SALT LAKE CITY — The family of a Colorado man who died when a tree that Boy Scouts chopped down fell on him as he rode his motorcycle in southern Utah has filed a wrongful death lawsuit.

Edgar E. Riecke, 69, of Durango, was riding north on state Route 12 between Boulder and Torrey on Oct. 11, 2014, when he came around a corner and the tree "fell directly on top of him, killing him," according to the suit filed in U.S. District Court.

Troop 603 of Fruit Heights was collecting firewood on the Dixie National Forest in Garfield County when two boys, ages, 17 and 14, cut down a live aspen tree near the highway. The troop had a permit to gather fallen wood but not remove green or standing trees, according to the lawsuit.

The lawsuit says the boys spent 45 minutes cutting down the fully grown tree and Scout leaders failed to supervise them during that time.

Any reasonable person of the Scouts' "age, experience and intelligence would have foreseen that a tree falling near any roadway was highly dangerous and capable of causing injury to a nearby motorist," the lawsuit says. The suit also claims adult leaders let the boys use axes, chain saws and bow saws without reasonable supervision.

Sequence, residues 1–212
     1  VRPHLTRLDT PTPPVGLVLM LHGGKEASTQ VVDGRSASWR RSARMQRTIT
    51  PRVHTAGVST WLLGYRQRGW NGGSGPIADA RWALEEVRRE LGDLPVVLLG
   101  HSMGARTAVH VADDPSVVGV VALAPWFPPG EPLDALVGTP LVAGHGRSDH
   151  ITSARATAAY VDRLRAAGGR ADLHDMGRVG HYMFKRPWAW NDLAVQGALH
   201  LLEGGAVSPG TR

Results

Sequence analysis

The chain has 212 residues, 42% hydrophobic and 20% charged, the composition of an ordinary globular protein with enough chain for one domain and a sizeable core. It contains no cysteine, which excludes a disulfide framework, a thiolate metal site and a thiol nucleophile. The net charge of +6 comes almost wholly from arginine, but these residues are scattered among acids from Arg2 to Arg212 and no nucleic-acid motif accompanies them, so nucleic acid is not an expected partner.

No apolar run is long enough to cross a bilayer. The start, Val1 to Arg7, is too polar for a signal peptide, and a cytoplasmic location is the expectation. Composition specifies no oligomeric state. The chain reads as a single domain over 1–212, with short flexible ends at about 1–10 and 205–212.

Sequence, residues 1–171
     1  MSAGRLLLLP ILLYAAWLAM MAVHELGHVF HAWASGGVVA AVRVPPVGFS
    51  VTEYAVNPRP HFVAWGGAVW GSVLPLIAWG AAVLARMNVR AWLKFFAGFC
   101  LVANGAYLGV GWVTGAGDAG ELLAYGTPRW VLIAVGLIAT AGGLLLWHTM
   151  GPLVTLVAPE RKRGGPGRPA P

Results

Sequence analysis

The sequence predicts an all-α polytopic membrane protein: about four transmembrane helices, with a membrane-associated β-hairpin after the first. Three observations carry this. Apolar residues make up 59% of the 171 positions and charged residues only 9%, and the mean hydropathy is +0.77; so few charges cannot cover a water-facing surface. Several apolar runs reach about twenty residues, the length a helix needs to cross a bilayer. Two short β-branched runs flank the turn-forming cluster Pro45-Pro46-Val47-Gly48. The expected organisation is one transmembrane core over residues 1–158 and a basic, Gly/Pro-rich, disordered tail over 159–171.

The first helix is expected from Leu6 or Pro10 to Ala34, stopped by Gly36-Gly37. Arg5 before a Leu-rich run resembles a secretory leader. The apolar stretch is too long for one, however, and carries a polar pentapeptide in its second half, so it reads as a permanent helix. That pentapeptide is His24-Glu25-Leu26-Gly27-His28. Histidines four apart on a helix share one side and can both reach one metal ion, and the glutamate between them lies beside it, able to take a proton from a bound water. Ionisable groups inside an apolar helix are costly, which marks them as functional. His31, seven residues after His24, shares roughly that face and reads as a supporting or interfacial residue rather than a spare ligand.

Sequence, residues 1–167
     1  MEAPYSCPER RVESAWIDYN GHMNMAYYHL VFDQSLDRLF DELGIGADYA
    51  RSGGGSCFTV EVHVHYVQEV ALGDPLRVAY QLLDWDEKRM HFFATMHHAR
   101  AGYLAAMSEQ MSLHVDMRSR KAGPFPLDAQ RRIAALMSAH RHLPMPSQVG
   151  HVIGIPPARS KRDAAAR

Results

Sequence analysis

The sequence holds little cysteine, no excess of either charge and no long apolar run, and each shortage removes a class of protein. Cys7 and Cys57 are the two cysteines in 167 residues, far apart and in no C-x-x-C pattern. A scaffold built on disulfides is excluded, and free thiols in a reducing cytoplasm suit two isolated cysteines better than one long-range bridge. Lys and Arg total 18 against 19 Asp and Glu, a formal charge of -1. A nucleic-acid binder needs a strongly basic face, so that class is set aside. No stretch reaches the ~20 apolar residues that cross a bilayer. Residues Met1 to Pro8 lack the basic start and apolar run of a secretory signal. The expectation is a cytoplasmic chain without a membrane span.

“While we cannot comment on active litigation, our thoughts and prayers continue to be with everyone affected by this tragic incident and we extend our deepest sympathies to all those involved," said Allen Endicott, Trapper Trails Council Scout executive.

Endicott noted that the Garfield County attorney, U.S. Forest Service and other law enforcement agencies concluded that it was a "tragic accident."

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"Safety is integral to everything we do, and the Boy Scouts of America continues to place great importance on providing a safe environment for all involved, including Scouts, leaders and the public," he said.

The lawsuit filed by Riecke's son and two daughters seeks an unspecified amount in damages. Riecke was a retired chemist and competitive cyclist.

Named as defendants are the Boy Scouts of America, The Church of Jesus Christ of Latter-day Saints, which sponsors the troop, the Ogden-based Trapper Trails Council, five Scout leaders, the two Boy Scouts and the younger Scout's parents.


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